Tuesday, July 27, 2021

1960s anger and disillusionment fuel hope

Singer Synia Carroll celebrated the life and music of the late, great Nina Simone on Monday, July 26 in Sarasota FL with a concert fueled by the High Priestess of Soul’s blend of anger, disillusionment and passion – and Carroll’s optimism for a better day.

Synia Carroll
The Nina on my Mind … and I’m Feelin’ Good! show at Florida Studio Theatre’s cozy Court Cabaret in downtown Sarasota teamed Carroll with five of the region’s ace jazz musicians: trumpeter James Suggs, pianist John O’Leary, bassist Brandon Robertson, percussionist Patrick Hernly and drummer/musical director Paul Gavin. They also backed her at St. Petersburg’s Palladium Theater three nights earlier.

Carroll & Co. dug deep into the Simone repertoire for the full house crowd in attendance. As Simone’s artful and activist legacies inspired and required, the night’s music ranged from angry and passionate to teasing and joyful. The lyrics, coupled with Carroll’s powerful delivery and stories, underscored that the pain and frustration of the civil rights movement that Nina Simone sang about in the 1960s remain today.

James Suggs, Synia Carroll

The material included “I Wish I Knew How It Would Feel to be Free,” “My Baby Just Cares for Me,” I Want a Little Sugar in my Bowl,” “Be My Husband,” “I Loves You, Porgy” from “Porgy and Bess” (with a sublime piano solo from O’Leary), and a thundering take on “Sinner Man.”

The first set concluded with “Why? (The King of Love is Dead),” which Simone’s bass player, Gene Taylor, wrote right after he heard about the death of Martin Luther King Jr. It wound down with Carroll rhetorically asking “Why does it have relevance in 2021, when it was written 50 years ago?” as the band backed her with a few bars from “Lift Every Voice and Sing.”

Paul Gavin

Synia Carroll

The second set opened with Gavin’s solo take on drummer Art Blakey’s “Freedom Rider” and the band’s exhilarating cover of a Carroll concert staple, Mongo Santamaria’s “Afro Blue.” These complementary choices set the tone for the remainder of this Simone-powered evening. 

“Hush a Bye” and “Brown Baby” set up the frustration-inspired Simone classic “Mississippi Goddam,” and “Four Women,” which Simone wrote about different African-American stereotypes. The night concluded with the optimism-prevails lyrics of “I’m Feelin’ Good."

“Even in the face of reality, this evening is about hope,” Carroll said. “Hope is my music. Learn from the past, acknowledge what needs to be done to make things better, and get to work. Hope is why I’m here tonight. We can all make a difference."

O'Leary, Robertson, Carroll, Hernly, Suggs, Gavin

Monday, July 26, 2021

2021b - Jazz musicians felled by coronavirus -- Chapter 5 (updated 9-10-21)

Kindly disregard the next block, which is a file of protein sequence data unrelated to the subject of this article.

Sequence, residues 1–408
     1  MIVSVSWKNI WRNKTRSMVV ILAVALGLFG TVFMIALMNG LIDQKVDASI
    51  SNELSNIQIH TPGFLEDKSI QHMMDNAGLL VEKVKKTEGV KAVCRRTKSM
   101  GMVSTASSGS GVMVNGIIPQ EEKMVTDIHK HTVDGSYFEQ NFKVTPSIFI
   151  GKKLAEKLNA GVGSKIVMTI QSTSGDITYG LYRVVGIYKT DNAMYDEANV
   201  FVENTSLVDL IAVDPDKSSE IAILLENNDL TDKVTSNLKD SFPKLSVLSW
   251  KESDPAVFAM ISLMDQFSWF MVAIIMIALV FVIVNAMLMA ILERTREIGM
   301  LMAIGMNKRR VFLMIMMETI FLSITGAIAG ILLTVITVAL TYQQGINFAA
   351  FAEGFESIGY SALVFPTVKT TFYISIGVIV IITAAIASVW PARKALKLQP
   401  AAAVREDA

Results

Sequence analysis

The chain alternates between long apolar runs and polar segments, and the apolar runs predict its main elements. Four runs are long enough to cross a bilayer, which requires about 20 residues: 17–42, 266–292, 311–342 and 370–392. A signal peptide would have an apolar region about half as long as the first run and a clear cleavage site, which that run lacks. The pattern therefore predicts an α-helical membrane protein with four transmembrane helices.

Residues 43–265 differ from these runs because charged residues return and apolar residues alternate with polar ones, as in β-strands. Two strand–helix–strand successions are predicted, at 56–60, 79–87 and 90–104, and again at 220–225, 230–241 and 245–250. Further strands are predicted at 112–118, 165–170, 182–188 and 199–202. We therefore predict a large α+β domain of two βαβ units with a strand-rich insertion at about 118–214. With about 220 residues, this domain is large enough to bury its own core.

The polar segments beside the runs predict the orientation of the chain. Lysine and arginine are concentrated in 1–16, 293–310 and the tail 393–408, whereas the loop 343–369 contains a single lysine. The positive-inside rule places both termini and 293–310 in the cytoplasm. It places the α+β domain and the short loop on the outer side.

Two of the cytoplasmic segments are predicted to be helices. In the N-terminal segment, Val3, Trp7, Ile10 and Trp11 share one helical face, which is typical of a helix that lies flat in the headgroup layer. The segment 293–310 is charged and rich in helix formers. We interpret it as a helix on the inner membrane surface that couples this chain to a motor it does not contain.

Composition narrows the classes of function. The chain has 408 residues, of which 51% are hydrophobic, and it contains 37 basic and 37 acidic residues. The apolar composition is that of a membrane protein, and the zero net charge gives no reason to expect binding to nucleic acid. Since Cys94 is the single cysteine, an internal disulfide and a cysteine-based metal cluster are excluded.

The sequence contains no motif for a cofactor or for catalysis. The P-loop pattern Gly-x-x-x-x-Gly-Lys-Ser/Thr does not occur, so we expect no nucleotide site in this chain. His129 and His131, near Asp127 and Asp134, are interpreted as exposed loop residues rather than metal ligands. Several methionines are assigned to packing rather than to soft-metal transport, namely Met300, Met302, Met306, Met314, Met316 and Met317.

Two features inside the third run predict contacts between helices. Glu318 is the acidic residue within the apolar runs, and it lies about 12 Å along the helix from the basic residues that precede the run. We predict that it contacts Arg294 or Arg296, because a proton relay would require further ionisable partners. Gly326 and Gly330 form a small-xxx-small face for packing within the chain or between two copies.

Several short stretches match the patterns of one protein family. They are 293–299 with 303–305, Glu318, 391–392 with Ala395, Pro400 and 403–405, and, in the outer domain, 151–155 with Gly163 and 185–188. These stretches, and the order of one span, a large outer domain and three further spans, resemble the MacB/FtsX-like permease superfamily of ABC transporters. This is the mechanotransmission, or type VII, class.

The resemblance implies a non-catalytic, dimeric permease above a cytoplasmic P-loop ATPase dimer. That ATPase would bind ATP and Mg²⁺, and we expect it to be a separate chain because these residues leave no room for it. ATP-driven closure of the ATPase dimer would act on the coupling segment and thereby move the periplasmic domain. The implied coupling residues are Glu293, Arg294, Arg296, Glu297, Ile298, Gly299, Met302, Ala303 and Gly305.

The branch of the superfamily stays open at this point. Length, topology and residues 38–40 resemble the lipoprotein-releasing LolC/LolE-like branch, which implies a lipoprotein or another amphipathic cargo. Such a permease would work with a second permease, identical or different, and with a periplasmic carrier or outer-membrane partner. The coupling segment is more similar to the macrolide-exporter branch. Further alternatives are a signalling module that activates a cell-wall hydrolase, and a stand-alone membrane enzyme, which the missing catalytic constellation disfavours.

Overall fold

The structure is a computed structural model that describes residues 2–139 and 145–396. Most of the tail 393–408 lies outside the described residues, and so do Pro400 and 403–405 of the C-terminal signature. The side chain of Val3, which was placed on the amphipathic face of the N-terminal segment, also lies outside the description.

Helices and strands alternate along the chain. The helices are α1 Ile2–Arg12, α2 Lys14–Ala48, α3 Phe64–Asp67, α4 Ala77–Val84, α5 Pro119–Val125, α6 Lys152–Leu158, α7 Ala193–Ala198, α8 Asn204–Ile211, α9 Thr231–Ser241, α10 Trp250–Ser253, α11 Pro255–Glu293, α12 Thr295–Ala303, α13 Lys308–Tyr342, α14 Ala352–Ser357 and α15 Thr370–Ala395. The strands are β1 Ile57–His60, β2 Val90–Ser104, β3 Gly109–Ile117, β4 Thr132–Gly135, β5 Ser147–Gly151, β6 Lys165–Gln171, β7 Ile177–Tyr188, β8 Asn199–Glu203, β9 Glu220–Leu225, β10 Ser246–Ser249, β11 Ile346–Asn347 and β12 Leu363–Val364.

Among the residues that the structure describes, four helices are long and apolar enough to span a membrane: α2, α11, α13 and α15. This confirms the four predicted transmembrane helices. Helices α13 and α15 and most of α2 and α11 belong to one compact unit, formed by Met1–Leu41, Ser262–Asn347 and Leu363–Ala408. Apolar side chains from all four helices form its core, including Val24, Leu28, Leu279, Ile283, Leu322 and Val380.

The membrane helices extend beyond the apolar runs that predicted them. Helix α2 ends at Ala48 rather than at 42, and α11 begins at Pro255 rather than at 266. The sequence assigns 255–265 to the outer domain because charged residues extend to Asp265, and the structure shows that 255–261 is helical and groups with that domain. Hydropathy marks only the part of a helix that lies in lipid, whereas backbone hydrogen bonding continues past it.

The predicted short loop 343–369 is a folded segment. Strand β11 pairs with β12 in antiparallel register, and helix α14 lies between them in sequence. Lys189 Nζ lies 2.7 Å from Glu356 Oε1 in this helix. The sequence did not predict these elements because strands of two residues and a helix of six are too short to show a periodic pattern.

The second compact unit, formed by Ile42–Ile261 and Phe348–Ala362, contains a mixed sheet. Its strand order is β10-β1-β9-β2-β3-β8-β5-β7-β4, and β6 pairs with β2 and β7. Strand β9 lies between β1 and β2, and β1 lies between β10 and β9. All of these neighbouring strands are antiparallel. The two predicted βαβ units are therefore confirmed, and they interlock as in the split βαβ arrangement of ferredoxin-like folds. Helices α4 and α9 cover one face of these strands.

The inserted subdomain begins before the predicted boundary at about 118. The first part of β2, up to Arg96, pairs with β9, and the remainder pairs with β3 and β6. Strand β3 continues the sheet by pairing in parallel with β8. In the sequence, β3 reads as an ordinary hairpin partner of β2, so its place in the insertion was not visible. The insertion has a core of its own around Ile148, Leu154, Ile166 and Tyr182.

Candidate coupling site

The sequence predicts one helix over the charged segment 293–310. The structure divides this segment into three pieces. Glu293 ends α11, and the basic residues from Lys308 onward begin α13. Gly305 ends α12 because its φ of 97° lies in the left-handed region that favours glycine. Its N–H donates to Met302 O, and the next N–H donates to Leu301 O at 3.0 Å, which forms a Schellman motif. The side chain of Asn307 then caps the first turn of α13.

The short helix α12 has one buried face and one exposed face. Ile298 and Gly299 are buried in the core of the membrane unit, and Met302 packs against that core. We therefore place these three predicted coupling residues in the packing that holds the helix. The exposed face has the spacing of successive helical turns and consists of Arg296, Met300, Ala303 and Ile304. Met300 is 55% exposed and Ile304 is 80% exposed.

Here is part five of our chronological listing of jazz-related COVID-19 deaths from the novel coronavirus, updated as we receive them. This segment begins with deaths in July 2021. Chapter 4 lists deaths in the first half of the year.  Parts one, two and three contain 2020's 63 known losses.Our profound sympathies to their families, friends and fans as we remember their musical legacies.
  • South African singer-songwriter Steve Kekana died July 1 in a Johannesburg hospital. He was 62. After losing his eyesight at age 5, Kekana developed his love for singing while attending a school for the blind. He recorded more than 40 albums in Mbaqanga, jazz and R&B styles between 1977 and 2018.
  • Indonesian jazz guitarist and educator Beben Jazz died July 5 in Bekasi, West Java. He was 54. Beben Supendi Mulyana, aka Beben Jazz, also sang and played trumpet. He was a founder of Jakarta’s Kemayoran Jazz Community.
  • Singer and songwriter Tsepo Tshola died July 15 at a hospital in Teyateyaneng in his native Lesotho, a mountain kingdom that is surrounded by South Africa. He was 67. Also known as the “Village Pope,” Tshola came to prominence with the jazz group Sankomota, which he co-founded and co-led with the late Frank Leepa in the late 1970s. He launched his solo career in 2002. He performed for more than 40 years, primarily in Lesotho, South Africa and Europe.
  • South African pianist and educator Andre Petersen died July 22 age 43. He was the only African musician out of 68 pianists to compete in 2011's Concours de Piano-Jazz Martial Solal Competition in Paris. Johannesburg-based Petersen’s international recording and performance credits include working with Stefon Harris, Reggie Washington, Dave Liebman, Marcus Strickland, the Stockholm Jazz Orchestra and Norwegian avant-garde band Soyr.